Local logic: How cities can make a difference
The world cannot resolve today’s development challenges with purely national approaches. We need to complement them with local approaches, too. We live in an era of enormous transformations, in which our traditional political structures and forms of democratic participation must adapt. That means casting a bigger focus than ever on the important role of local power and communities. Local territories and cities are essential players in the pursuit of a just and sustainable development, and their voices must be given more sway in international forums.
On all continents, the local level of power has become a driver of social innovation and public policy, showing promising results in challenging areas such as social inequality, environmental protection, multicultural coexistence and democracy. In Santiago, there are policies, actions and projects that have stood out as being exemplary; many have been emulated at national level and are applicable to the realities and experiences of other countries, too.
Take waste management, for instance. Refuse is no longer a high-cost nuisance, but a resource for generating energy and wealth. In Santiago we are pursuing a waste-conversion programme that goes beyond the usual “green” recycling spots in public space to cover every step of the waste management process, including waste separation at home. It implies a cultural change and, for it to work, requires the support of entire communities.
The same can be said of urban mobility policies. Cities around the world are changing their transport systems and how they move about, leading to improvements in social equality, greenhouse gas emissions and the quality of urban life generally. Our Downtown Plan initiative is a case in point, by transforming how people use the streets in downtown Santiago. Through the plan, we have shown how favouring pedestrians, cyclists and public transport helps reduce traffic congestion and pollution. It is a valuable step towards our goal of providing a kinder, fairer city, where both rich and poor can move, work and live in dignity and security.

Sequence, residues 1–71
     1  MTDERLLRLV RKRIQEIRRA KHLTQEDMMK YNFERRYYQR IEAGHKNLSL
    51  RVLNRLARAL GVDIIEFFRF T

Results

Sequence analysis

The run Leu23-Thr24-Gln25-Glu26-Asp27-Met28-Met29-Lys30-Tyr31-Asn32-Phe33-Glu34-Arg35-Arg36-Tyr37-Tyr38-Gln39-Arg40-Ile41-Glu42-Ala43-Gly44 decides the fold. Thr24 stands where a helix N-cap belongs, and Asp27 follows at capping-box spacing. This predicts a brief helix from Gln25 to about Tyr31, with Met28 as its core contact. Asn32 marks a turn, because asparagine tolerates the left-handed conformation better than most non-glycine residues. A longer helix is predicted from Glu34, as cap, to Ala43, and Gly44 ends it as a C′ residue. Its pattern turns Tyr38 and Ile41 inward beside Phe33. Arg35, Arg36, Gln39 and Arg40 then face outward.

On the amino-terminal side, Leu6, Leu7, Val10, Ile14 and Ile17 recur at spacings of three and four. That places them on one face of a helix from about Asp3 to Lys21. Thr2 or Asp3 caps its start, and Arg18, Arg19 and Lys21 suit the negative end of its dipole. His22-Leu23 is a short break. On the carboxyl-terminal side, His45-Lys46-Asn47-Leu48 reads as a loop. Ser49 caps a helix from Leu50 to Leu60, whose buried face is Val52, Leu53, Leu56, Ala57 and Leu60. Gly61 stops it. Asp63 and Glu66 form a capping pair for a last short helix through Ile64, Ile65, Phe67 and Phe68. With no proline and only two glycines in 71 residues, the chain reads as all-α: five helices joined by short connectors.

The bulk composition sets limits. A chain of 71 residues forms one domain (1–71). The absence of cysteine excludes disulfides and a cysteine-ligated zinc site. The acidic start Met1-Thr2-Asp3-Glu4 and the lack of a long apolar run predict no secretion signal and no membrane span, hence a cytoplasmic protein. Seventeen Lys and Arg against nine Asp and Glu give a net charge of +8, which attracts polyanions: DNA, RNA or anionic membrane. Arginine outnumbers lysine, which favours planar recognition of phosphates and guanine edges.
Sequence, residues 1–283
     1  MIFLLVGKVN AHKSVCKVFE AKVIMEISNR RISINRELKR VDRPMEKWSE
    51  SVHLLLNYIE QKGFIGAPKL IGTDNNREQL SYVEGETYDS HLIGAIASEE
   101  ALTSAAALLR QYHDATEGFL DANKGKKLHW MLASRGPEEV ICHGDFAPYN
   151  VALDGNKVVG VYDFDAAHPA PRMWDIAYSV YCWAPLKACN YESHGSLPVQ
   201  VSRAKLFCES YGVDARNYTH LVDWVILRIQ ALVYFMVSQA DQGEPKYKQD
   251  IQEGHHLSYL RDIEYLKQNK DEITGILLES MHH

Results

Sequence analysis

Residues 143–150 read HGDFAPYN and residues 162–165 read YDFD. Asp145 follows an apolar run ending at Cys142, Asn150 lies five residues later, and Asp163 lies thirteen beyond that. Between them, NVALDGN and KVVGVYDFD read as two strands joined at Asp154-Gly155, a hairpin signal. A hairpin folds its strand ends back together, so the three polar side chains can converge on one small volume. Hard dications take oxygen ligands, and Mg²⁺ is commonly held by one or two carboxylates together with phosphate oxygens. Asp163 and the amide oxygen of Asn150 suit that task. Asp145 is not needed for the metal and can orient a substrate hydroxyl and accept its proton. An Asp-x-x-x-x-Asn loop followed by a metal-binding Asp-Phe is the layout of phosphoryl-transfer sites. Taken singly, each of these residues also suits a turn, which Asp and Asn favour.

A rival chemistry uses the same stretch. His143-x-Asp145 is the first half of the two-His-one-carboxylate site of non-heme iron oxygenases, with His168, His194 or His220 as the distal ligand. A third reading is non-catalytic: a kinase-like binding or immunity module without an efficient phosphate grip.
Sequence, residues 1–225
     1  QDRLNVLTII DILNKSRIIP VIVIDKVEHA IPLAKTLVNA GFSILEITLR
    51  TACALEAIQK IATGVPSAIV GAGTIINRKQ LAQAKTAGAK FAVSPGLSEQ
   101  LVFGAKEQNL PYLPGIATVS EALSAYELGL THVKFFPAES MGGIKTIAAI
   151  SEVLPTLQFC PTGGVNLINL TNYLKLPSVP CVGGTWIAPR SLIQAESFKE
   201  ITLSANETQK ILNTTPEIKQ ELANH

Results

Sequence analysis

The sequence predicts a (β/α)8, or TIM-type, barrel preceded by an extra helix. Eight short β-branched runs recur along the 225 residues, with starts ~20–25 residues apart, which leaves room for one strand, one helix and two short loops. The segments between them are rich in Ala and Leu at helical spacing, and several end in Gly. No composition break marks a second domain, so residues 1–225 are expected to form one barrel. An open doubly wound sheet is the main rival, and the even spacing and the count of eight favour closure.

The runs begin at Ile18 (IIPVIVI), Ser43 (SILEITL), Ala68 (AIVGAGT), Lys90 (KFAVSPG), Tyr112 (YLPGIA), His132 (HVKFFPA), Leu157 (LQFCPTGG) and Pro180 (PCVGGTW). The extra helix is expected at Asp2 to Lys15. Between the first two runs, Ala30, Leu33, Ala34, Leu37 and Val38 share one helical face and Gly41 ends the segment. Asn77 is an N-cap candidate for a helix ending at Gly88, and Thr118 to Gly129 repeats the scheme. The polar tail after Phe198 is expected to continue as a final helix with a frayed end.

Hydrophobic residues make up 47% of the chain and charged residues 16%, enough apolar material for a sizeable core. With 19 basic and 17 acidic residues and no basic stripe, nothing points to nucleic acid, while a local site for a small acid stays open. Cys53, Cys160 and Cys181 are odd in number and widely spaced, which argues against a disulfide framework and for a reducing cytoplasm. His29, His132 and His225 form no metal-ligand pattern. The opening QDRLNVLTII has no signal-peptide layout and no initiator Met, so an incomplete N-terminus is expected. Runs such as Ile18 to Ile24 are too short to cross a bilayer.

More than half of the world’s population lives in cities, but in Latin America that figure soars to 80% and in Chile to 90%. This gives immense importance to urban policy making, both to help us understand the present and anticipate the future. International development forums should recognise this fact, as the OECD is doing, thanks to its work on promoting good governance at every level.
After all, diverse forms of local democracy in particular can be innovative and enriching, both for political participation and governance, and for people’s lives. By giving citizens more than a voice and actually encouraging them to participate in decisions about how to invest resources, for instance, municipalities build solidarity and cultivate togetherness. This is the approach we have adopted in Santiago, through our public consultations, participatory budgets, and other forms of social involvement.
The world of the 21st century challenges policy makers to involve citizens in the decisions that matter. What kind of development do we want to strive for? How can we take care of our planet and stop permanent damage to our environment? How can we reach our goals? What must each citizen do to contribute, and what should they expect in return?
Municipalities and local spheres hold the answers to these key questions. The inclusion of local actors in OECD discussions represents progress. It is an opportunity to bridge the gap that too often divides the citizens of many countries from their national and international political institutions. In Santiago we are determined to help bridge that gap for good.